OSWESTRY’S Knife Angel sculpture has been located in its new temporary home.

The National Monument Against Violence and Aggression moved to Hull on Monday (February 4) to begin a 28-day stint in the East Yorkshire city.

Usually based in Oswestry, the sculpture which was designed by Alfie Bradley and The British Ironwork Centre, has embarked on a tour of the country after spending almost two months in Liverpool.

Chief executive of the Ironwork Centre Clive Knowles has spoken of his delight to see the sculpture making an impact across the UK.

“It’s fantastic to see the knife angel go to Hull – it’s a city which showed a lot of interest,” he said.

“Viking FM radio station visited us along with the police, a community group and the sister of a victim of a fatal stabbing. They visited in April to tell us they wanted it to visit Hull.”

Mr Knowles continued: “What’s very special about Hull is the effort they have gone to educate the youngsters in the region.

“They are having a large marquee near the Knife Angel to give talks to schools and youth clubs about how society has been reduced to violent behaviour involving weapons, and how we can change that.”

The education of youngsters is something Mr Knowles hopes the Knife Angel can help with across the nation.

It is an idea which is also being adopted by the next destination for the sculpture, as it is set to move to Coventry following its time in Hull.

He added: “It is extremely important to educate younger people about this issue.

“Coventry is a place which has seen the highest increase of knife crime outside London.

“Right now, it is on the back foot and they’re looking at doing everything they can to stop it.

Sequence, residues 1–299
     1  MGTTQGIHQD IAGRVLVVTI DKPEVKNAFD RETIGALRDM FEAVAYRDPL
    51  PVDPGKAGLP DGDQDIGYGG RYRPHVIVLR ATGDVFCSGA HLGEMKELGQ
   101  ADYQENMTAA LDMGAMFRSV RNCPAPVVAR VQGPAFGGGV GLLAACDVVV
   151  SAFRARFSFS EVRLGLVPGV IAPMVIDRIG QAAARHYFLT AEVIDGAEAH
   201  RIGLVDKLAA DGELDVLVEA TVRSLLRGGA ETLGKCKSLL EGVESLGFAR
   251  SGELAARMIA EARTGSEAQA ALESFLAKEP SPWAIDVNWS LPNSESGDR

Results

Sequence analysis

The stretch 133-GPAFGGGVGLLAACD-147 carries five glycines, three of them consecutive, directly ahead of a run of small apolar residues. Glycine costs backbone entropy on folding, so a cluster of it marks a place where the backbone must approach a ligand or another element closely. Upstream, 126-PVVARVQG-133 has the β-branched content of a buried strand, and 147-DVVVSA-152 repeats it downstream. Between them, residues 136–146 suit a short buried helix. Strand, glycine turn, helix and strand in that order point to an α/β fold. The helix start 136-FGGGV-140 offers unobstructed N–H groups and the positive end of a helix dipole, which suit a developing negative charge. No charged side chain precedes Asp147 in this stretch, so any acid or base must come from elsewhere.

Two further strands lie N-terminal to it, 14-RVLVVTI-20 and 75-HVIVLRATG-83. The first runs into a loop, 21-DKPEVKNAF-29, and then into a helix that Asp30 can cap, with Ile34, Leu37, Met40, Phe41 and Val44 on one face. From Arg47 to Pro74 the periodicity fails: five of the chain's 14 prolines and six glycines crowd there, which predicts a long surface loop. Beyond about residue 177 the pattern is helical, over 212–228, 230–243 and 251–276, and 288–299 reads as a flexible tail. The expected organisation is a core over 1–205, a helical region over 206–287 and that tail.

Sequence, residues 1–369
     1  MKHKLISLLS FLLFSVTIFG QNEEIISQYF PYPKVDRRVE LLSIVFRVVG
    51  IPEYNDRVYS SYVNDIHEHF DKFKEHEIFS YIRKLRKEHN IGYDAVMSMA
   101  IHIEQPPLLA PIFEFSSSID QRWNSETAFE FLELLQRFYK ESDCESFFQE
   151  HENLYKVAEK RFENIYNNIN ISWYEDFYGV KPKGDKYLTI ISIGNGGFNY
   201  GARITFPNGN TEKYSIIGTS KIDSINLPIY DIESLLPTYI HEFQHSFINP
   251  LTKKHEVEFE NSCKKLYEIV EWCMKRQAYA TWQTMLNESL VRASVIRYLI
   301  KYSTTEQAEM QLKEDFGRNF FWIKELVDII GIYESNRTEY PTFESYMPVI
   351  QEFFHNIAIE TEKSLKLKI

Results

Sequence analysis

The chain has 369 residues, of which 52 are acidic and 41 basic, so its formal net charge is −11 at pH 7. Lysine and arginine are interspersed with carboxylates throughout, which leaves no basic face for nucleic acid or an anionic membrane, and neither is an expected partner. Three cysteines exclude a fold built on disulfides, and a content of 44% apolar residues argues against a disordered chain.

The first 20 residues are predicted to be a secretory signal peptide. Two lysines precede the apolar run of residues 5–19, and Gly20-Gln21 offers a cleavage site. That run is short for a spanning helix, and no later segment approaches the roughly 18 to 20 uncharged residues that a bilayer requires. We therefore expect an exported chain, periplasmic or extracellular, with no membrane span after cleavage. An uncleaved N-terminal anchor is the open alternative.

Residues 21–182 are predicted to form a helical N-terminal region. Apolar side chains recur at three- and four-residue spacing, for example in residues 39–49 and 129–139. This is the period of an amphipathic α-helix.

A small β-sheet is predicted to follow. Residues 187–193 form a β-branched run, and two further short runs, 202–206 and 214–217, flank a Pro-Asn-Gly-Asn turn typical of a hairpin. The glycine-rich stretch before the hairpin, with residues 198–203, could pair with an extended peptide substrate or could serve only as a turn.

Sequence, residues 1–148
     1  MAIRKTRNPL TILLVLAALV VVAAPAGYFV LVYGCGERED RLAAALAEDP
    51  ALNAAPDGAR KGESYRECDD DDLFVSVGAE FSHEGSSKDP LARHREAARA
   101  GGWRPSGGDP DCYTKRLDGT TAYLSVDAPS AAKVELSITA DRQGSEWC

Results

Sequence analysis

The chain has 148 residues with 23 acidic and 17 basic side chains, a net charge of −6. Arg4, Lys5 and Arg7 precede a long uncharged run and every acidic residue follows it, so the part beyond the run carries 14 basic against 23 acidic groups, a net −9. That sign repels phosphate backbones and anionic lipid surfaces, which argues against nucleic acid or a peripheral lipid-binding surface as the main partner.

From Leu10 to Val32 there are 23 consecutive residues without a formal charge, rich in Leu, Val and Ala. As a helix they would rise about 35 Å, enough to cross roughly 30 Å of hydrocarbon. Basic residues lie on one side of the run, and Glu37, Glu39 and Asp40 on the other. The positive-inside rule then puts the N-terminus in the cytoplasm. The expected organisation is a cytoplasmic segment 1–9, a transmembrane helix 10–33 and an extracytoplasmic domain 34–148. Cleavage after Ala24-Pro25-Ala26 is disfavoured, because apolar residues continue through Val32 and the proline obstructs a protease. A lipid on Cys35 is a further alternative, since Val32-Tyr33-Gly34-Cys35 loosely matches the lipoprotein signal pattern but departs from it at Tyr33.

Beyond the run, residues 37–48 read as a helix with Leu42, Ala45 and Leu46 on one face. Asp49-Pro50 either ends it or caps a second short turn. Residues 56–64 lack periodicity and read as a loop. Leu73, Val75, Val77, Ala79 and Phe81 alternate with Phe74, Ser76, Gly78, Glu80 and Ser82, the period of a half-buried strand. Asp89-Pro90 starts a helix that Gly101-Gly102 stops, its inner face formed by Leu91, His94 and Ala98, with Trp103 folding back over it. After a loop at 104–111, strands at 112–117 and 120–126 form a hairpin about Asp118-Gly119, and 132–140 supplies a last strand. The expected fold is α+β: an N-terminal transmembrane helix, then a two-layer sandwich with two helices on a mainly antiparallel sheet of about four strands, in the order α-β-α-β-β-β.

“It has asked to have the sculpture for two months with an even bigger educational campaign for the youngsters there.

“Following that, we have started talks with Nottingham to be the fourth city to home the Knife Angel.

“We want the sculpture moving around the country as it seems knife crime is now worse than it has ever been statistically.

“We want the Knife Angel to fulfil its purpose and help to put an end to this national embarrassment.”

Clive added that the ultimate goal remains to have the sculpture based in London eventually.

He said: “Trafalgar Square and London in general was always the main objective, but we’re absolutely delighted it’s been on a UK tour.

“We have been speaking with the Bishop of Edmonton about the possibility of it going there too.

“The Bishop wears a crucifix around his neck made of melted down knives – so the fight against knife crime is something he’s very passionate about.

“Dealing with victims of incidents on a regular basis must make it really clear how big the problem is.

“Around 60 per cent of the blades on the Knife Angel are from London, so for it to not go to London would be a national travesty.”

The sculpture will remain in Hull until March 4 at Hull’s Queens Gardens.